This question is always coming up when you lost in your journey of life. Especially when everything is not going as plan. Let’s put everything into perceptive, shall we?
I’m 34. Meaning, apparently, “you are no longer young”. Beyond the point of frivolous, high-energy, irresponsible teen-age and 20-something freedom. Young only in comparison with people of 40s and above — a dreary lot, toward which you see yourself heading, and don’t like the prospect.
Single or Unmarried. Meaning, apparently, Lonely. Unloved. Isolated. Unwanted. Unimportant. Perhaps, Rejected. Not part of a Family.
Unhappy with my job. Meaning, apparently, Going Nowhere. Underpaid. Bored. Unchallenged. Perhaps, Falling Behind Others. Overlooked. Accomplishing nothing. Unappreciated. Directionless.
Do these descriptors more or less summarize your feelings? Hence, your question?
A great many people cross the boundary into their 30s, then stop to take a look, and conclude that they have not accomplished much of anything. That their life is out of control, and aimless. That they are not only headed for obscurity, but that they have already reached it.
They don’t like what they see of their lives: “over 30, unmarried, unhappy”. They ask “What should I do now?”
One answer — the easiest — is “run away”.
Your formulation of that is “quit everything and move”.
Where? And Why?
What do you think that would accomplish? Won’t make you any younger. Won’t get you married, or less lonely. Worse, in fact, because you would be in a strange environment, among strangers.
Won’t improve your job situation or career outlook. Worse, in fact, because you won’t have any job at all, or any income. And having left your job, with no significant accomplishments, won’t make it any easier to get a new and better job. Nor are you likely to get any good references from your current bosses.
But if you can’t run away, then you have to stay where you are.
Not so good. In fact, lots of 30-somethings get feeling Trapped. Hopeless. Failed. Purposeless. Need a Change.
Thus, more or less as an act of desperation, they find the next available female and get married. Probably giving her some immediate relief, because she had been worrying about being past 30, childless, with her biological clock ticking.
And, again more or less in desperation, finding another job. Possibly not too difficult to get a new posting. In fact, a lot easier than it will be to get the next new job after that, which will be unbelievably difficult to obtain.
And what do you think is likely to happen, if you pursue such a program?
Let me guess. Generally not too long after about the second kid is born, one finds it has been a dull, unsatisfying marriage. Mortgage payments. High property taxes. Big payments on the BMW. Escalating costs for the kids, eventually a monumental problem with college expenses. No career progress. Still underpaid and unappreciated.
Still trapped. Way worse than before.
Thinking again about running away. Alas, an even worse outlook than before.
Back to reality. Maybe not a good idea just to get married, and hunt for a new job. Must have made a mistake, somewhere a long time ago.
Maybe so, but the past is written in stone. Can’t change that.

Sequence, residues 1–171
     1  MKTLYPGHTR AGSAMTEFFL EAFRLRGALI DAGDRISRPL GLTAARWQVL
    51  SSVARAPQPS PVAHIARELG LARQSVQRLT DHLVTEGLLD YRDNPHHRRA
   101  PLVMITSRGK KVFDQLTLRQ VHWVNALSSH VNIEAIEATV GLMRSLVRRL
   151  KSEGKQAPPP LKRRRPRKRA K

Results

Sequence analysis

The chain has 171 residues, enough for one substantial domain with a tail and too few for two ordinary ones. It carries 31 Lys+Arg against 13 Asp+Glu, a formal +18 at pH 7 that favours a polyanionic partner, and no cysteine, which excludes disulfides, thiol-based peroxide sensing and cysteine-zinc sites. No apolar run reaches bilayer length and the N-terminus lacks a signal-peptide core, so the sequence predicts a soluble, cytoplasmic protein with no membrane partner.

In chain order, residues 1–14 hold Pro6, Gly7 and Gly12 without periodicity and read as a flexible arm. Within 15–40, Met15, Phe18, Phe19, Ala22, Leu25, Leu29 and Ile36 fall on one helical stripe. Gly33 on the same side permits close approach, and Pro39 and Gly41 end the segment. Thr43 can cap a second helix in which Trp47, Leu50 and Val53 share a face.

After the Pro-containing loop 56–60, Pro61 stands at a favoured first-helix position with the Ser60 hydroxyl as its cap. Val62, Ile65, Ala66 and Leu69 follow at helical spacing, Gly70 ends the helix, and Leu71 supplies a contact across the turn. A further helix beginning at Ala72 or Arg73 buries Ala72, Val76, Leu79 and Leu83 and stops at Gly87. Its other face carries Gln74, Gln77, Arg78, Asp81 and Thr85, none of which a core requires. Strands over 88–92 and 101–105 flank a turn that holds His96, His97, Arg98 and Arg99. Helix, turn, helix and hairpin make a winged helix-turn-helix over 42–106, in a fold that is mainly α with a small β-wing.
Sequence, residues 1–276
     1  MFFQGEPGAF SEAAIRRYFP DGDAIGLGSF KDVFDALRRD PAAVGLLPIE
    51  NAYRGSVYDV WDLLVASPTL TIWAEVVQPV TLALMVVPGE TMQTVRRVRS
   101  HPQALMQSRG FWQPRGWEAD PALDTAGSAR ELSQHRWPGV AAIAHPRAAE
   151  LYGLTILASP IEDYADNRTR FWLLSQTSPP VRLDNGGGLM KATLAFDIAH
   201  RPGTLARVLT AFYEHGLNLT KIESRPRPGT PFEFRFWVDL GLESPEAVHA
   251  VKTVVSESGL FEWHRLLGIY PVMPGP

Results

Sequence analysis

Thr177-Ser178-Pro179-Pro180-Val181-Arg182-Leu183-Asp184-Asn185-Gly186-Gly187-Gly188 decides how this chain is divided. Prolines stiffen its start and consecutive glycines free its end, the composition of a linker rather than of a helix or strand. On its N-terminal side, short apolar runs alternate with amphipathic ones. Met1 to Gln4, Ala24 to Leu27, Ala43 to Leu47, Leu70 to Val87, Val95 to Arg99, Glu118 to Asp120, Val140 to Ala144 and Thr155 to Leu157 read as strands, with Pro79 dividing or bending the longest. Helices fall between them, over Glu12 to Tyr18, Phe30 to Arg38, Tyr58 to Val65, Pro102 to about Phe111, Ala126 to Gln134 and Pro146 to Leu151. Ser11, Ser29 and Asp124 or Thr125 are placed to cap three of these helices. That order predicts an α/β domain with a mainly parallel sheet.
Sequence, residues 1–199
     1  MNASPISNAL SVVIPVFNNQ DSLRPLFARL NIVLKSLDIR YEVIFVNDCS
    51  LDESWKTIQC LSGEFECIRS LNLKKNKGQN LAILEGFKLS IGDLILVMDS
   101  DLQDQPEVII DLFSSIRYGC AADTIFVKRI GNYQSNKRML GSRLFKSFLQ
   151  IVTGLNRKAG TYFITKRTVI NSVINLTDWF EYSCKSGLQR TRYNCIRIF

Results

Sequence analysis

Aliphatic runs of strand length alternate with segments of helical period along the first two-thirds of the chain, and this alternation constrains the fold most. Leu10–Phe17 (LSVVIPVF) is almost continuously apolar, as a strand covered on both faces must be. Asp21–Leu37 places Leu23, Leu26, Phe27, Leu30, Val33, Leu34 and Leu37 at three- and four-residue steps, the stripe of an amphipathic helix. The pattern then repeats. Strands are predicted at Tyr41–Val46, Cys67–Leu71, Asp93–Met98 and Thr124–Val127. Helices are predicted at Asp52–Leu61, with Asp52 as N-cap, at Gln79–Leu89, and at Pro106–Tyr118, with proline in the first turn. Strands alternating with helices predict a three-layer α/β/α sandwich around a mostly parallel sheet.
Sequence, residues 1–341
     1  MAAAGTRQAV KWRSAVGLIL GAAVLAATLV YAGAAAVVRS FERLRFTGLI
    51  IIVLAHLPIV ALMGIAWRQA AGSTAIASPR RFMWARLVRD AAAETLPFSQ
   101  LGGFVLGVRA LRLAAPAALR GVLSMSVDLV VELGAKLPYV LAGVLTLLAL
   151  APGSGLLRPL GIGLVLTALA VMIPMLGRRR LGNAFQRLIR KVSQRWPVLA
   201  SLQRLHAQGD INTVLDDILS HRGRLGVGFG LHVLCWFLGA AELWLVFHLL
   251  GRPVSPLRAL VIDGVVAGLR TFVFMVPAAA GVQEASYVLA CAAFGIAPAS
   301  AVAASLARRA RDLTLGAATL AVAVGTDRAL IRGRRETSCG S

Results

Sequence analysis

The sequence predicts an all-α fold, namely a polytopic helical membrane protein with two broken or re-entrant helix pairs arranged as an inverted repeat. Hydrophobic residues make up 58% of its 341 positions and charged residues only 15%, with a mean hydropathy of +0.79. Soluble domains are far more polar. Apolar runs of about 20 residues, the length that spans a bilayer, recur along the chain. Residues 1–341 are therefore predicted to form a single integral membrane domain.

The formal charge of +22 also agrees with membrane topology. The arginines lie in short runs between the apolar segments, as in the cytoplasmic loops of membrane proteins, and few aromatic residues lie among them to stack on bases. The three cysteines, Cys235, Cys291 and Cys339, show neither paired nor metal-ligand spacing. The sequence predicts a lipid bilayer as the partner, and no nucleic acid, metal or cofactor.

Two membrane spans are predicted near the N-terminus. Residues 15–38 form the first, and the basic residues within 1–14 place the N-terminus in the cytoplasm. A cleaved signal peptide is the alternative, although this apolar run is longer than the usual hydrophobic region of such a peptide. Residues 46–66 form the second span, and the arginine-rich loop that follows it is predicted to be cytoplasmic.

So you cast about, and ask some strangers “What Should I do?”.
Well, since you asked, I think you need to make some changes in yourself. The problems you are feeling are not defects with your job or your employer. Not with a world which is indifferent to you. Not with the “right woman” who has eluded you.
Instead, it’s most likely you. Your life feels out of control, because you have not taken control of your life, and made it fulfilling. My guess is that you have, like so many people, mainly just let things happen for you, and have “gone with the flow”.
Probably the first thing you need to do is to take your job much more seriously. It is not just a place where you show up five days a week, do what you’re told, and collect a paycheck every so often. If you think other people are pulling ahead of you, then that is probably because they are. They are taking the work much more seriously than you, to their benefit.
This answer can’t be a primer on how to be more effective in your job, but that is a topic which deserves much more attention and effort from you.
Similarly for your social life, in particular marriage and family. You won’t get there, in any long-term effective way, by parties and beach weekends and casual rolls in the hay and dating the trophy babes with the biggest boobs. What are you doing to prepare yourself for actually being a good husband, a homeowner, and a family man?
Again, this answer cannot be a primer on how one matures into preparation for becoming a responsible husband and father. There is, however, a great deal of published information about that, and lots of “older” people willing to give counsel and advice. (Don’t waste your time with the cynics.)
Passing 30 does not mean you are past the point of learning, changing, developing, and maturing. Offhand, it appears to me that you have a considerable need for all of these. And that kind of growth will resolve all those other feelings you seem to be having — in a far better manner, than trying to run away from your problems.
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